Good Idea, Wrong Place: Equestrian Center Should Not Be Built In Keney Park
March 24, 2009
Two decades ago, a developer wanted to build housing inside the periphery of Keney Park. City leaders rightly said no. The idea resurfaced again last year, and was again turned away.
Now a group wants to build a major equestrian center in the park. The answer must again be no. That is not what the parks are for.
The equestrian center proposal comes from the nonprofit Ebony Horsewomen. They want to lease 240 acres of the 693-acre Keney Park from the city for the project, and have asked to be given "tentative developer" status so they can seek investors.
The city council must turn down this request. City parks are not a place for developers, tentative or otherwise, and to allow development in one park is to open the door for it at the others.
To oppose this idea is not to disparage horseback riding, which has always been done in the park, or the Ebony Horsewomen. They are an outstanding group. They have stables adjacent to the park and run a program that teaches city youngsters to ride and care for horses.
Respect for the horsewomen could be why leaders such as Mayor Eddie Perez and council majority leader rJo Winch have expressed support for the equestrian center.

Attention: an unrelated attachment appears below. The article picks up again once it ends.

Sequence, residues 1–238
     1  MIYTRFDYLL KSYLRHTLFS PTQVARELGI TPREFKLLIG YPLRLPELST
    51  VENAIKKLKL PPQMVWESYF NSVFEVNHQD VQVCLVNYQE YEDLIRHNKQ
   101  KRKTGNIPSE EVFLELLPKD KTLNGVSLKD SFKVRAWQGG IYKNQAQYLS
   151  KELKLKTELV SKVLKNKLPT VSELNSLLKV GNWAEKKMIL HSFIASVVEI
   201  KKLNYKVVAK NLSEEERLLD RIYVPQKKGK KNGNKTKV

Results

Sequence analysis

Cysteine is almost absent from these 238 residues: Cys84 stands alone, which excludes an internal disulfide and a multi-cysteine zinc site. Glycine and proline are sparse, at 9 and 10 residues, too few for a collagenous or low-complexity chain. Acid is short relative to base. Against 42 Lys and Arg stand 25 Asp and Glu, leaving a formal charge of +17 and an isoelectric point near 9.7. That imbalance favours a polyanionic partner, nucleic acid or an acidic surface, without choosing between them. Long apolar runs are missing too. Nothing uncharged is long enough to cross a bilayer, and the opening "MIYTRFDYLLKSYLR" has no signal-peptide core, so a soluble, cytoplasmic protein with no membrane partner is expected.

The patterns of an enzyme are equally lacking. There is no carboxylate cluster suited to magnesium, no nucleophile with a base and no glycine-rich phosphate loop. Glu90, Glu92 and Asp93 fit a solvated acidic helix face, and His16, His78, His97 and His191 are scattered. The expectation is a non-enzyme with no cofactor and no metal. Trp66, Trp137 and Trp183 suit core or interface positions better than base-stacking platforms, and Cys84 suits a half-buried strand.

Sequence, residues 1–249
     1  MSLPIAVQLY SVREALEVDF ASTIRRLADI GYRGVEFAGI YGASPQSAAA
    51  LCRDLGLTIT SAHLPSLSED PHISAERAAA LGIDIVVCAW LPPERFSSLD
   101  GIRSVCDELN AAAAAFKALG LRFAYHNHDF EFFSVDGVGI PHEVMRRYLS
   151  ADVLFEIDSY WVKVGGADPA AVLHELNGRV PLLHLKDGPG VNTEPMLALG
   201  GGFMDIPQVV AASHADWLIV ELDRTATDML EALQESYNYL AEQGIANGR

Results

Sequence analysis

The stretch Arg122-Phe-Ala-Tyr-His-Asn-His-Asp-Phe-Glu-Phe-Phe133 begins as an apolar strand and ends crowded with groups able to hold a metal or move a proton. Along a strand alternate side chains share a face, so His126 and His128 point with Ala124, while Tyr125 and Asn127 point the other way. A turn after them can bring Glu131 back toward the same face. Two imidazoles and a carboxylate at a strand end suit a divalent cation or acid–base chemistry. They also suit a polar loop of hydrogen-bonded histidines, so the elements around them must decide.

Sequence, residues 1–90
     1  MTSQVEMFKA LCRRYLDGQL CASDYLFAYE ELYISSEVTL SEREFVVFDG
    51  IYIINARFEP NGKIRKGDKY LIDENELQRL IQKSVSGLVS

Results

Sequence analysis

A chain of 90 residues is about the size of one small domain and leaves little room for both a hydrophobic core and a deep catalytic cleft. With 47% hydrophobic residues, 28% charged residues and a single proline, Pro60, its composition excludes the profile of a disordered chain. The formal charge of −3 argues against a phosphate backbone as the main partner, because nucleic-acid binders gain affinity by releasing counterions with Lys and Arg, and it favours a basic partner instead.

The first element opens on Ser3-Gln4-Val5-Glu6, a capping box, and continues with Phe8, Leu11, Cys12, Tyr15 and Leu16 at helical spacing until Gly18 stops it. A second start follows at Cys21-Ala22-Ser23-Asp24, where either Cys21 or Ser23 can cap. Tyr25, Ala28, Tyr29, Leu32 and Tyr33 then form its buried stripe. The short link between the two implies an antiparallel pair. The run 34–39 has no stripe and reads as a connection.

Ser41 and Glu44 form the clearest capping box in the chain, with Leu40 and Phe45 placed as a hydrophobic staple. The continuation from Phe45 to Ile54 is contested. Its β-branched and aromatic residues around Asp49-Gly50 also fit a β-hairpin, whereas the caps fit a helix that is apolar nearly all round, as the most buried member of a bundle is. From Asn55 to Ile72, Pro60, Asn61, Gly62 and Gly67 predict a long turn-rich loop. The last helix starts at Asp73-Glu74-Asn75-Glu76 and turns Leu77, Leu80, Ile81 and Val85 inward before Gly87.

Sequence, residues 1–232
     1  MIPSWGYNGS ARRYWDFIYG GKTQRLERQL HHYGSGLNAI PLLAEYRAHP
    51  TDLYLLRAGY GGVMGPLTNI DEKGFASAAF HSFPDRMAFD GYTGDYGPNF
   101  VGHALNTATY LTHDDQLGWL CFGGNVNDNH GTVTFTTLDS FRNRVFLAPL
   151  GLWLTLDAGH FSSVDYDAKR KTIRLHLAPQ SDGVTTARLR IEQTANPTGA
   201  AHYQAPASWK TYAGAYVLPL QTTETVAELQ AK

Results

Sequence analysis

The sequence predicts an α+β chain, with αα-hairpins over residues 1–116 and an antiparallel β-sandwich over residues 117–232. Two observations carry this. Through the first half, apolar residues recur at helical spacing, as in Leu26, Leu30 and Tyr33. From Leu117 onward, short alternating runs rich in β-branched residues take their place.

What they are not looking at is the scale and intensity of the project. It would take a third of the city's largest park and have a 37,500-square-foot main building with a museum, gift shop, restaurant and meeting space. It would include stables, 1,500 to 2,000 parking spaces, a polo field and four jumping arenas.
It is one thing to put a small recreational building in a park, quite another to build something the size of a shopping center.
Keney is a historic park, listed on the National Register of Historic Places, one of the "Rain of Parks" envisioned in the late 19th century by leaders such as the Rev. Horace Bushnell and the Rev. Francis Goodwin. Frederick Law Olmsted Sr., Hartford native and father of the famous landscape architecture, hiked through the area as a boy. His firm, then run by his sons, designed the park after donor Henry Keney died in the 1890s.
Some say Keney Park does not get as much use as it should. There are things the city can do to better connect it to surrounding neighborhoods, such as cutting back the tree canopy in certain areas and paving some of the bike trails.
The important point is to keep it as a public park. The parks that leaders rained on the city a century ago are a tremendous asset that cannot be squandered, for any reason. That's why city leaders and parks advocates should develop a set of standards for what can and cannot be done in city parks. Otherwise, as history shows, there will always be people who want to use them for something other than the purpose for which they were intended.
Reprinted with permission of the Hartford Courant.
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